S1 E13: Dr. Kevin McCauley on America’s Criminalization of Addiction
Meadows Senior Fellow Dr. Kevin McCauley shares the journey he’s traveled from the heights of the US Navy to the depths of a prison cell and explains how that experience drives him to push for changing the justice system’s punitive approach to addiction.
Dr. Kevin McCauley. Hello. I’m Dr. Kevin McCauley. I’m one of the senior fellows at The Meadows.
David Condos: Thank you, Kevin, for being with us today. It’s so good to have you.
Dr. McCauley: My pleasure.
David: Well, we’ll launch right into your story, introducing us to yourself as a person. I know you have an especially compelling journey you took to get here.
Dr. McCauley: Sure.
David: We’ll start with that.
Dr. McCauley: I think my story is unique because I really wasn’t a drug user in high school or college or anything like that. I wanted to be a doctor and I wanted to go into the Navy. When I graduated from medical school, I joined the Navy and I became what’s known as a flight surgeon. I was the doctor who took care of the pilots in the Marine Corps.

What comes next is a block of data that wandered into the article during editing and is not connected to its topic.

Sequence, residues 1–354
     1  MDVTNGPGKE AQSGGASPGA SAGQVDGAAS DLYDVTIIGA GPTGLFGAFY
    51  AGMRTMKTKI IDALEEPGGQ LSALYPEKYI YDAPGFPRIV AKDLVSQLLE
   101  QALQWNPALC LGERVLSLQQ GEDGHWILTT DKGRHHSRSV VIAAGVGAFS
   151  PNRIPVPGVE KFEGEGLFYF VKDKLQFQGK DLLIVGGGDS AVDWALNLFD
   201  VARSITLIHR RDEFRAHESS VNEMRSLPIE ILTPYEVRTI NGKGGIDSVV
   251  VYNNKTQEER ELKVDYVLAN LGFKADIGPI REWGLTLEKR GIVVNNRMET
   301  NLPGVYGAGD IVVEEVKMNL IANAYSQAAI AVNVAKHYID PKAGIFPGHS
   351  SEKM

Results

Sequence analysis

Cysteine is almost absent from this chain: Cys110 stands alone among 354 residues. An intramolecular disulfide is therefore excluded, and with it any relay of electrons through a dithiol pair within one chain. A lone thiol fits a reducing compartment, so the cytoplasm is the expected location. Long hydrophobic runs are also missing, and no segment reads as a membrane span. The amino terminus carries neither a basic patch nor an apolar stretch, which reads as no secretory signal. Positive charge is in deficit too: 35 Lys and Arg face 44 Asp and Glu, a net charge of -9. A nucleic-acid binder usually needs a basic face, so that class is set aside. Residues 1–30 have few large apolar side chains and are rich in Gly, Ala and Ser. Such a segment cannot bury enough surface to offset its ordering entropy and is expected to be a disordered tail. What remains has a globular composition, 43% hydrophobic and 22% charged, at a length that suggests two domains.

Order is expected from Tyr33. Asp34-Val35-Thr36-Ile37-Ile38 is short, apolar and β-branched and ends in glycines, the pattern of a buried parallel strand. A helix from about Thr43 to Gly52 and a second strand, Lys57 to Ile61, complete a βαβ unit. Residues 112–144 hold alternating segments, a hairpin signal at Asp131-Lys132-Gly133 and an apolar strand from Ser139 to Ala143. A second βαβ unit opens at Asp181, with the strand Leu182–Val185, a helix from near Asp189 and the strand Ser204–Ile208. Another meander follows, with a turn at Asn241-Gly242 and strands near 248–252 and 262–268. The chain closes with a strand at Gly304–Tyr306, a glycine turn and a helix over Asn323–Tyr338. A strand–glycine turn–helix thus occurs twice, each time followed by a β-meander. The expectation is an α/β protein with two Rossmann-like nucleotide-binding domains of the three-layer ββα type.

David: It’s a very specialized job.
Dr. McCauley: It was fun. It’s a bit like being a small-town doctor because you get to know everybody, you get know the CEO, you get to know the most junior enlisted and you make house calls. It’s part of the safety factor because you know the personal lives of all the aircrew. That actually makes it a bit for the flight surgeon to pick up problems, should there be any. Then I had to have surgery, you can’t take any medications and fly. I had this surgery. At the end of that surgery, they gave me a big bottle of Percocet. I’m actually the first patient that I know of who got addicted to opioids after surgery. Now, that’s a very common entry into addiction. That’s a superhighway into addiction.
David: This was about how long ago?
Dr. McCauley: This was a good 24 years ago. I think 1996, ‘97.
David: Less common at that time?